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Ever Wonder Why You Don't Feel Thirsty When it's Cold Out? Here's Why


Roasting under the hot, beating sun, quenching our thirst with water to avoid dehydration is typically a concern during the summer. On the contrary, rehydrating during the winter is one of the last things crossing our minds. Our bodies have a vastly different reaction to the cold than to the heat, and though the body may not react the same way it does when hot out, we can still become very dehydrated. It’s important to balance healthy hydration levels and, even better, prevent dehydration from happening in the first place.

Why Don’t We Feel Dehydration in the Winter?

During the summer months, individuals commonly experience dehydration and in some cases, heat exhaustion. In the winter, dehydration is more difficult to detect. When one is cold, the blood vessels are constricted, preventing blood from flowing freely to any other extremities. The body then goes into auto-pilot to conserve body heat, keeping the core as warm as possible. As a result of the cold exposure, the individual's thirst response will decrease by 40%. By constricting blood vessels, the signal of thirst diminishes. This is when we start to become dehydrated. Although sweat is less likely to occur in cold temperatures, moisture is still lost—it just may not be noticeable. Dehydration is likely to be associated with cold weather because it's not acknowledged as often in the winter as it is outdoors in the summer. 

Who Should be Hydrating During the Winter?

The best answer to this question is everyone—no matter the season. We should try to make it a priority to stay hydrated. However, some individuals should be taking extra measures towards hydrating during the cold months. For instance, those working outside or with a demanding job needs to consume more water than someone who is sedentary inside and already warm. Sweating and breathing (seeing our breath is water vapor) are two activities that we don’t think about in the winter, but they do decrease hydration levels. Battling cold temperature increases the metabolic rate to keep our body warm, but it also uses significantly more energy.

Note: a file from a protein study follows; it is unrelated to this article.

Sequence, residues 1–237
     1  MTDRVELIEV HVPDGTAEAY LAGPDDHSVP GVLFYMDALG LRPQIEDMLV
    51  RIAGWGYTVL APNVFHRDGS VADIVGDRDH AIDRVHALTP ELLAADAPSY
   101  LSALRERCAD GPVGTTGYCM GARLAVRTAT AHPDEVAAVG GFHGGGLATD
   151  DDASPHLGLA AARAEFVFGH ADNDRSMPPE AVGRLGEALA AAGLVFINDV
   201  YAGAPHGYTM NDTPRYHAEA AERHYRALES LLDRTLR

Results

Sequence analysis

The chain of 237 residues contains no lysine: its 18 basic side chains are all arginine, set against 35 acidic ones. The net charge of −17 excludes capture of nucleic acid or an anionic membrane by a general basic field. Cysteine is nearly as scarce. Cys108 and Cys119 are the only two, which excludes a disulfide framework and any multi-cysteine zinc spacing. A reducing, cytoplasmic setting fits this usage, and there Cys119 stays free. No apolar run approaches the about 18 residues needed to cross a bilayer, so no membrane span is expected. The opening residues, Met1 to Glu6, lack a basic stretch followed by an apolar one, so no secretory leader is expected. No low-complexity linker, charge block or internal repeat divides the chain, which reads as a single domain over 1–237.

Athletes or those taking part in winter sports, such as skiing, sledding, snowboarding, hockey, and even running, should be increasing their regular water intake. On the mountains at an altitude of 16,000 feet, our thirst mechanism (our body's mechanism to increase water consumption in response to detected deficits in body fluid) decreases. In other words, our bodies aren’t functioning as they should, making it difficult to tell when we are thirsty.

Dehydration is not easily detectable and usually goes unnoticed until going back indoors. If in doubt, be prepared by keeping water around at all times as a reminder to get those fluids in. DrinkLyte is another option. This product is scientifically formulated, using protocols backed by the World Health Organization (WHO), and starts rehydrating you immediately upon consumption. They are packages in pocket-sized packets so you can take them on the go! Hydration is not only about drinking water but also maintaining those optimal fluid levels in the body. A healthy balance of fluids will support our bodies with a good blood flow, a clear mind, and our working organs.



Author :  Jennifer Dutton, Blog Writer, DrinkLyte Co. "Helping Grow CPG Brands Beyond Their Potential"